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Bible Literature


I. Introduction

Biblical literature, as it is treated in this article, consists of four bodies of written works: the Old Testament writings according to the Hebrew canon; intertestamental works, including the Old Testament Apocrypha; the New Testament writings; and the New Testament Apocrypha.

The Old Testament is a collection of writings that was first compiled and preserved as the sacred books of the ancient Hebrew people. As the Bible of the Hebrews and their Jewish descendants down to the present, these books have been perhaps the most decisive single factor in the preservation of the Jews as a cultural entity and Judaism as a religion. The Old Testament and the New Testament--a body of writings that chronicle the origin and early dissemination of Christianity--constitute the Bible of the Christians.

The literature of the Bible, encompassing the Old and New Testaments and various noncanonical works, has played a special role in the history and culture of the Western world and has itself become the subject of intensive critical study. This field of scholarship, including exegesis (critical interpretation) and hermeneutics (the science of interpretive principles), has assumed an important place in the theologies of Judaism and Christianity. The methods and purposes of exegesis and hermeneutics are treated below. For the cultural and historical contexts in which this literature developed, see JUDAISM and CHRISTIANITY .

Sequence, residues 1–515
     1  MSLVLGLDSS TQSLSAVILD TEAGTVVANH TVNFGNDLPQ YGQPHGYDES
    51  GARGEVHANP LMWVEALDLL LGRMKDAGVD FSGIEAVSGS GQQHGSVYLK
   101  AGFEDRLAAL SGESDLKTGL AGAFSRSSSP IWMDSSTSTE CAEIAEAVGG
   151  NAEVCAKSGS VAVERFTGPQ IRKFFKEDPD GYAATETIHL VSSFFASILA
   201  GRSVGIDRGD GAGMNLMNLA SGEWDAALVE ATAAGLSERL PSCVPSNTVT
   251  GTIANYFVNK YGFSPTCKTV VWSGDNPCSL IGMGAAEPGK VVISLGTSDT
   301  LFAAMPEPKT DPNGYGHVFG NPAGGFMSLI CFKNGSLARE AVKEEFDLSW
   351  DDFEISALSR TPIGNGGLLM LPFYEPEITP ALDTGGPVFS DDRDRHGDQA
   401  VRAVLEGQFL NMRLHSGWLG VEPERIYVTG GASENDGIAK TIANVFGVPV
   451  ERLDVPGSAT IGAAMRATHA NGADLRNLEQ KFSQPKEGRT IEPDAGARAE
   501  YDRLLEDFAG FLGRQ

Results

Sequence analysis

] 위로 ] 성서 개관 ] 신약성서 개관 ] 구약성서 개관 ] 성서 문학 ] [ I. 문학 서론 ] II.영향과 중요성 ] III. 구약 정경/본문/판 ] IV. 구약 역사 ] V. 구약 문학 ] VI. 구/신약 중간 문학 ] VII. 신약 정경/본문/판 ] VIII. 신약 역사 ] IX. 신약 문학 ] X. 신약 외경 ] XI. 예배식 ] XII. 해석과 해석학 ] XIII. 참고 문헌 ]


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